Following the works of noble metal co-catalysts, Domen et al. showed water splitting activity on SrTiO3 photocatalyst together with the co-catalyst NiO [57, 58], which became the choice of H2 evolution co-catalyst for many d0 and d10 metal oxides such as La2Ti2O7:Ba [44], La4CaTi5O17 [59], Rb4Nb6O17 [60], NaTaO3 [46], and Ga2O3:Zn [47]. The photocatalyst stability of NiO-loaded K2La2Ti3O10 is reported to increase by addition of a second co-catalyst, Cr, using a co-impregnation method [61]. Based on the promoting effect of Cr, a systematic study of Cr and various transition metals (such as Fe, Co, Ni, Cu, Ru, Rh, Pd, Ag, Pt) on (Ga1-xZnx)(N1-xOx) has been conducted [62], from which core-shell structures of core Rh nanoislands and shell Cr2O3 structures (10–30 nm in size) are found to promote H2 and O2 evolution reactions to significant levels [63].

2.3 Visible light utilization

The alterations to the semiconductors such as doping with low-valence cations, reducing particle sizes to submicron levels and obtaining a high degree of crystallinity help with the overall water splitting activity. However, activation of these photocatalysts uses a narrow portion of the solar spectrum (4%); i.e., the UV light sustains as a problem due to the large bandgap energies of these materials. To enable visible light utilization of the d0- and d10-type oxide semiconductors and to split water into H2 and O2 via one-step excitation, the valence band levels should be shifted upward without changing the conduction band potentials. One approach to do this is to use oxynitrides to make use of N2p states that lie at a more negative potential than O2p states. Emerging LaMgTa1−xO1+3xN2−3x [64] and Ga1−xZnxN1−xOx [65] oxynitrides are representatives of visible light active overall water splitting catalysts. Using N doping, the absorbed light wavelength can be increased up to 500 nm on solid solutions of GaN:ZnO (Ga1−xZnxN1−xOx) [66] and up to 600 nm on solid solutions of LaTaON2 and LaMg2/3Ta1/3O3 (LaMgTa1−xO1+3xN2−3x) [64]. Other examples include LaScxTa1−xO1+2xN2−2x [67] and CaTaO2N [68] in which La or Ta sites are replaced by Ca and Sc that alters O/N ratios due to charge compensation, which in turn results in valence band energy level shift.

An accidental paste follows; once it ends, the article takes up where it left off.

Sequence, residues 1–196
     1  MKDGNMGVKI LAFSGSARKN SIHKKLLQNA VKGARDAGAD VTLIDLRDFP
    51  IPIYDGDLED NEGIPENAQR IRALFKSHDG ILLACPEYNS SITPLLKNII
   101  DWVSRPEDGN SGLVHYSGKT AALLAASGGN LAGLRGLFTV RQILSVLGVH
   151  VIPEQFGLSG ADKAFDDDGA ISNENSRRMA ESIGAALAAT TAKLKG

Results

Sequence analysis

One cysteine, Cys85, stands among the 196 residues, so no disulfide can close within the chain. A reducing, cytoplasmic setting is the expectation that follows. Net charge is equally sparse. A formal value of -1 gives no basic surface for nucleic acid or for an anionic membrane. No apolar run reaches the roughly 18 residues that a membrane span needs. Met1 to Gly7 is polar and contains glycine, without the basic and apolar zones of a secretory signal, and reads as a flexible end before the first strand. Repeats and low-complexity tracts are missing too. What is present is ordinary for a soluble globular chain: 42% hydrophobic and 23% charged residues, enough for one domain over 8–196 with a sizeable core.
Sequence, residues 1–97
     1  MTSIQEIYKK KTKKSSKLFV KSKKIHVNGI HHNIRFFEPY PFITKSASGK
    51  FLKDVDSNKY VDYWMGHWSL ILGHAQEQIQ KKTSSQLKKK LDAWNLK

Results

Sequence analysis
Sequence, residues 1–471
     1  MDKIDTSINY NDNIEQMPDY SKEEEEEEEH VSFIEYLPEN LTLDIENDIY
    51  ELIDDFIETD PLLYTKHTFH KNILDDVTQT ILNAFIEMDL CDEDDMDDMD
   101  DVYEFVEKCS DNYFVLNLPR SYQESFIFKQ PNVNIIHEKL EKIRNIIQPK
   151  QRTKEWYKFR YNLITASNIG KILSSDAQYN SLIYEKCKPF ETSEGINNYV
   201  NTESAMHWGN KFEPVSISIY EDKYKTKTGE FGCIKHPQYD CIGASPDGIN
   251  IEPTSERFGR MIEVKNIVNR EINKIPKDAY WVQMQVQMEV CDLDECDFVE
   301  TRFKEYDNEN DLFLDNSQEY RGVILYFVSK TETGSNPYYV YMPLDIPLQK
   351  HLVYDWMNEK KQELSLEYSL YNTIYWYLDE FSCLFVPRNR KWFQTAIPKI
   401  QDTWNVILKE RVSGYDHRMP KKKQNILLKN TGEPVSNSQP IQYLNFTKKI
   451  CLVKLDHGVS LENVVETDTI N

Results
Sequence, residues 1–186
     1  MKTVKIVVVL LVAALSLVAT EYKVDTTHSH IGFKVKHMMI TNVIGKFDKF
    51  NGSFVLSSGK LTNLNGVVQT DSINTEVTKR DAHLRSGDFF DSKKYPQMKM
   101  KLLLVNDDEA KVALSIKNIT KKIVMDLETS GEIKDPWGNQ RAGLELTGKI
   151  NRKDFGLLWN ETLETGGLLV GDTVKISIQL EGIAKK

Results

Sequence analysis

Some examples of visible light active photocatalyst and their H2 and O2 evolution activity are given in Table 2. As it can be seen from the table, one-step water splitting quantum yields are quite lower when compared to those of the UV-activated photocatalysts (Table 1). The exceptions to the low activity are reported by Rh2-yCryO3 (Rh 1.0 wt%, Cr 1.5 wt%)-loaded (Ga1−xZnx)(N1−xOx) photocatalyst [63], multiband InGaN/GaN nanowire arrays [69], and monodisperse 4 nm graphite nanoparticle-deposited C3N4 catalysts [70].

SemiconductorCo-catalystBandgap (eV)H2 activity (μmol/h)O2 activity (μmol/h)AQY (%)Reference
SrTiO3:Rh,SbIrO24.41.90.1 at 420 nm[71]
g-C3N4Pt-CoOx2.8∼8.5∼3.50.3 at 405 nm[72]
CDots-C3N42.744616 at 420 nm[70]
Bi1-xInxV1-xMoxO4RuO22.5173.2 at 420 nm[73]
BiYWO6RuO22. at 420 nm[74]
LaMg1/3Ta2/3O2NRhCrOx22110.18 at 440 nm[75]
(Zn0.18Ga0.82)(N0.82O0.18)Rh2-yCryO32.649274605.9 at 420 nm[76]
GaN:Mg/InGaN:MgRh/Cr2O32.22382112.3 at 400 nm[69]

Table 2.

H2 and O2 evolution activity of one-step water splitting catalysts under visible light irradiation.

An alternative way to cover both oxidation and reduction reactions with semiconductors that could be activated under visible light radiation is to utilize two individual photocatalysts with an electron transfer mediator to obtain two-step excitation known as the two-step water oxidation (“Z-scheme system,” see Figure 2). In this system, O2 evolution photocatalysts oxidize the water molecules to O2, while the photo-generated electron is transferred to the mediator to reduce the electron acceptor (such as Fe3+ ions or IO3 ions). Then, the reduced mediator is oxidized by donating its electron to the H2 evolution photocatalyst. At the same time, the photo-generated electrons in the H2 evolution photocatalyst reduce H+s to H2.

Figure 2.

Schematic diagram for photocatalytic water splitting using a two-step photoexcitation system.

The semiconductors used in this two-step water splitting process should be selected based on the energy levels of their corresponding valence or conduction band maximum/minimum that would enable O2/H2O oxidation and H+/H2 reduction. As H2 evolution and O2 evolution reactions are realized at separate photocatalysts, these semiconductors could have bandgap energy values lower than 3 eV that would enable visible light utilization such as Pt- or RuO2-loaded WO3 (Eg ∼ 2.8 eV) or oxynitrides such as TaON (Eg ∼ 2.4 eV) or Rh-doped SrTiO3 (Eg ∼ 2.4 eV). Examples of these materials and systems can be seen in Table 3. The detailed reviews on two-step photocatalytic water splitting can be found elsewhere [83].

H2 photocatalystO2 photocatalystMediatorH2 activity (μmol/h)O2 activity (μmol/h)AQY (%)Reference
Pt/SrTiO3:RhBiVO4Fe3+/Fe2+157.20.4 at 420 nm[77]
Pt/SrTiO3:Cr/TaPtOx/WO3IO3/I∼16∼81 at 420 nm[78]